HK Golfer historian Dr Milton Wayne highlights the connections between the legendary writer Robert Louis Stevenson, Samoa and the greatest game
In 1867, Stevenson entered Edinburgh University as a science student, where it was tacitly understood that he would follow his father's footsteps and become a civil engineer. However, Robert was at heart a romantic, and while ostensibly working towards a science degree, he spent much of his time studying French Literature, Scottish history, and the works of Darwin and Spencer. When he confided to his father that he did not want to become an engineer and instead wished to pursue writing, his father was rather less than impressed. They settled on a compromise, where Robert would study for the Bar exam and if his literary ambitions failed, he would have a respectable profession to fall back on.
Slowly but surely, Stevenson earned a name for himself in journalism and writing in general and in 1876, on a trip to France, he met an American married woman, Fanny Vandegrift Osbourne, who was 10 years his senior. Osbourne, it seems, had travelled to Europe in an attempt to escape her estranged husband's influence. Against the wishes of his family, Stevenson moved in with her and spent the next few years on the Continent before she returned to California's Monterey Peninsula when her divorce was finalised. Stevenson, despite his continuing poor health, made the lengthy trans-Atlantic journey to join her shortly afterwards, and by the time they were married, in 1880, he was "a mere complication of cough and bones, much fitter for an emblem of mortality than a bridegroom."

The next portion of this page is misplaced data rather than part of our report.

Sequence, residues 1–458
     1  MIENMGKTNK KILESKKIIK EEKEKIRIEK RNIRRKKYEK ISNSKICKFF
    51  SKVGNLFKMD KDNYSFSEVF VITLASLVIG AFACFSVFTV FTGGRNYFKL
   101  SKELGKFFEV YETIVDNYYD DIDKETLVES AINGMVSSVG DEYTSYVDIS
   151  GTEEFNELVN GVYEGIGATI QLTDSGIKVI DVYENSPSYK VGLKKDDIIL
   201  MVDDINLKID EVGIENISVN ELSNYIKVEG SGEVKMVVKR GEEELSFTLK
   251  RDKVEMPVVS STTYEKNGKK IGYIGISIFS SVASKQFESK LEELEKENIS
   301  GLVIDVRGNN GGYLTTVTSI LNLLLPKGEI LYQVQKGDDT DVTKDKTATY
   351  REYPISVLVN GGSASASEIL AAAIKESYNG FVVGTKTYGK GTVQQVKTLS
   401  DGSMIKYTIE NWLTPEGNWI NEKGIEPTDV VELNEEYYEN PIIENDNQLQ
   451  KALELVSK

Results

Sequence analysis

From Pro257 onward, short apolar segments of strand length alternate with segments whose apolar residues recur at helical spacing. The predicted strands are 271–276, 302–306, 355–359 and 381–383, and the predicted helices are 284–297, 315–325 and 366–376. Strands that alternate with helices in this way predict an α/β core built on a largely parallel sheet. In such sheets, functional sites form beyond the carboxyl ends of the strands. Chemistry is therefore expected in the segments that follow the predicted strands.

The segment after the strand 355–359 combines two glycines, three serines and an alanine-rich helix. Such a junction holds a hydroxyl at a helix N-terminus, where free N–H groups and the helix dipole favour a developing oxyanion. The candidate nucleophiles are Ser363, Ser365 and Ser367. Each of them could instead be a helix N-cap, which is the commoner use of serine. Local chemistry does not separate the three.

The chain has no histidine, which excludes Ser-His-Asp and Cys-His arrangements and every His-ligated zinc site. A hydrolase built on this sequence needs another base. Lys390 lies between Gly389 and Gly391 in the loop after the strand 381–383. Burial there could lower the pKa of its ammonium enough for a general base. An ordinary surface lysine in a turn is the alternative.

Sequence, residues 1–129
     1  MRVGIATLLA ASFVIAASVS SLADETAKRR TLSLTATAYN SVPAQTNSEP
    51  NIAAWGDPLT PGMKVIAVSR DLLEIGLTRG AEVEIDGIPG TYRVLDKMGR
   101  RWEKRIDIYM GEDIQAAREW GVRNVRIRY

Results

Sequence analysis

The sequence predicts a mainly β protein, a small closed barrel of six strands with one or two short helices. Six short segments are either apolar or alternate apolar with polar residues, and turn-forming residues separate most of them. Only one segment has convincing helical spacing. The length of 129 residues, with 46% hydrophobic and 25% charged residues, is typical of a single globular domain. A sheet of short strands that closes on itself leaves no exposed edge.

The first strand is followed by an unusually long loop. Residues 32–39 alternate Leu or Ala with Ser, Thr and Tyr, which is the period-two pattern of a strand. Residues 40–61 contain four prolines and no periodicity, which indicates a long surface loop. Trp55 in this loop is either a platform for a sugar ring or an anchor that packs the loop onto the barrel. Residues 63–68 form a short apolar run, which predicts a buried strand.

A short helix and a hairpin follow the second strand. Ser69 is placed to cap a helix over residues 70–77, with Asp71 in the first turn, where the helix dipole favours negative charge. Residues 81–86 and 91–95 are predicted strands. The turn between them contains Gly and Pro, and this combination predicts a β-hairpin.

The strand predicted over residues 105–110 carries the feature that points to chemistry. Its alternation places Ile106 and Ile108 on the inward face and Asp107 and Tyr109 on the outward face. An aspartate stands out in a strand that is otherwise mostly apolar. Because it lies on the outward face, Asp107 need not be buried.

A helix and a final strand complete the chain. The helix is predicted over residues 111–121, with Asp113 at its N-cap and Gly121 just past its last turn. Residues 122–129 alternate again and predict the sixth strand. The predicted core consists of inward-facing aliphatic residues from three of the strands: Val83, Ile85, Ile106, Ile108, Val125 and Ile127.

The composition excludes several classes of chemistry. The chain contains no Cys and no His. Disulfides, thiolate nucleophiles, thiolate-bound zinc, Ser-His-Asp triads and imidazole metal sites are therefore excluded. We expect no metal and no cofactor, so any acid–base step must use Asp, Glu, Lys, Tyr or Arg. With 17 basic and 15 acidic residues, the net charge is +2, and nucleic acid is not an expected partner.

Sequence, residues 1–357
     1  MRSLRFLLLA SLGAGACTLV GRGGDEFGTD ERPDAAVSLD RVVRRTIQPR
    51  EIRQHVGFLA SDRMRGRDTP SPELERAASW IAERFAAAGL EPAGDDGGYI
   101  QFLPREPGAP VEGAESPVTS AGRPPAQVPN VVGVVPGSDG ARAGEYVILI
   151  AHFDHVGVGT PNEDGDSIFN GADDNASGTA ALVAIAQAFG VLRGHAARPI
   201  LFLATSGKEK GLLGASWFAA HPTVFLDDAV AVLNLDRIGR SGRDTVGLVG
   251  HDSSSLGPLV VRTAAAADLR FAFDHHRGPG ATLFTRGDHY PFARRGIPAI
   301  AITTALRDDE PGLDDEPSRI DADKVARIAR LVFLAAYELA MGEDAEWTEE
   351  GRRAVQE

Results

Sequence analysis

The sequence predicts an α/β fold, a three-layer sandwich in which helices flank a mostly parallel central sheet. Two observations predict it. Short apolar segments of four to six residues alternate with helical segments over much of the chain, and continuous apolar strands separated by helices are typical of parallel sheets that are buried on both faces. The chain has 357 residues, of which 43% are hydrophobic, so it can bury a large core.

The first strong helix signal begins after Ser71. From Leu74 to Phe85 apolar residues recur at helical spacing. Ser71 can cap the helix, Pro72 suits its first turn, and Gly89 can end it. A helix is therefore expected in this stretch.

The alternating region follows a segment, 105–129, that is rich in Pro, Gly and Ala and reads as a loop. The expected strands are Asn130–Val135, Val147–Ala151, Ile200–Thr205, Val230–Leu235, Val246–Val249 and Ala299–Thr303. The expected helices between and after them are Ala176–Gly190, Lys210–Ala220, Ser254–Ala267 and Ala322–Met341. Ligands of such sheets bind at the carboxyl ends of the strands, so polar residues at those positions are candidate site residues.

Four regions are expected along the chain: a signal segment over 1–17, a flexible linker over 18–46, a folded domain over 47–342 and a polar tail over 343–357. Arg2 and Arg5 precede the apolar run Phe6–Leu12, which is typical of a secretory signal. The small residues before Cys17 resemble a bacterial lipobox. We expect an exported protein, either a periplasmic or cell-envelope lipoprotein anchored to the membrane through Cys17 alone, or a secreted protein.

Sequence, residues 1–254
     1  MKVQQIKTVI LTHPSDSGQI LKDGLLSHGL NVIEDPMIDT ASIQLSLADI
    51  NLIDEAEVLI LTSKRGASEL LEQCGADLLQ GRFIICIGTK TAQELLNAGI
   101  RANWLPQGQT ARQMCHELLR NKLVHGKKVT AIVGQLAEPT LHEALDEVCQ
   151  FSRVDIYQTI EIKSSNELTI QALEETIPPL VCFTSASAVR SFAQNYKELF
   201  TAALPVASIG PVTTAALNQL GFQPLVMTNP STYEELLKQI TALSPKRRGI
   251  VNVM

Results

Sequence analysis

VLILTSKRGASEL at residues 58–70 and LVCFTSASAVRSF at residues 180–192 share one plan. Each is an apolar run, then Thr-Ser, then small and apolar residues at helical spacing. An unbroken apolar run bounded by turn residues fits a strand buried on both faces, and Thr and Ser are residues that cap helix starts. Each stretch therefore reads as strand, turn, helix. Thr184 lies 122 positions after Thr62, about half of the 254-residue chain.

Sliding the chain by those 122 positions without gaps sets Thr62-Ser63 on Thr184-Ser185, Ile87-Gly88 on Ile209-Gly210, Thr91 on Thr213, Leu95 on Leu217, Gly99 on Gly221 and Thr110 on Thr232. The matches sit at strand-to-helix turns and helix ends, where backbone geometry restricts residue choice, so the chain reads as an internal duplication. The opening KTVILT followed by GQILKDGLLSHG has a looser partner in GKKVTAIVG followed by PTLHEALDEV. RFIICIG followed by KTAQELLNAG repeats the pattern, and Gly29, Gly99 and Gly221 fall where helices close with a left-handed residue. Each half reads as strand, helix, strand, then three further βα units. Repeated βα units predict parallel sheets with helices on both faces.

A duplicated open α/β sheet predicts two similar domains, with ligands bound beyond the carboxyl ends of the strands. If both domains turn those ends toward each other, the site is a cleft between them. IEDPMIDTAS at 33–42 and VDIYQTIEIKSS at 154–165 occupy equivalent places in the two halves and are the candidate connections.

Written by Dr. Milton Wayne
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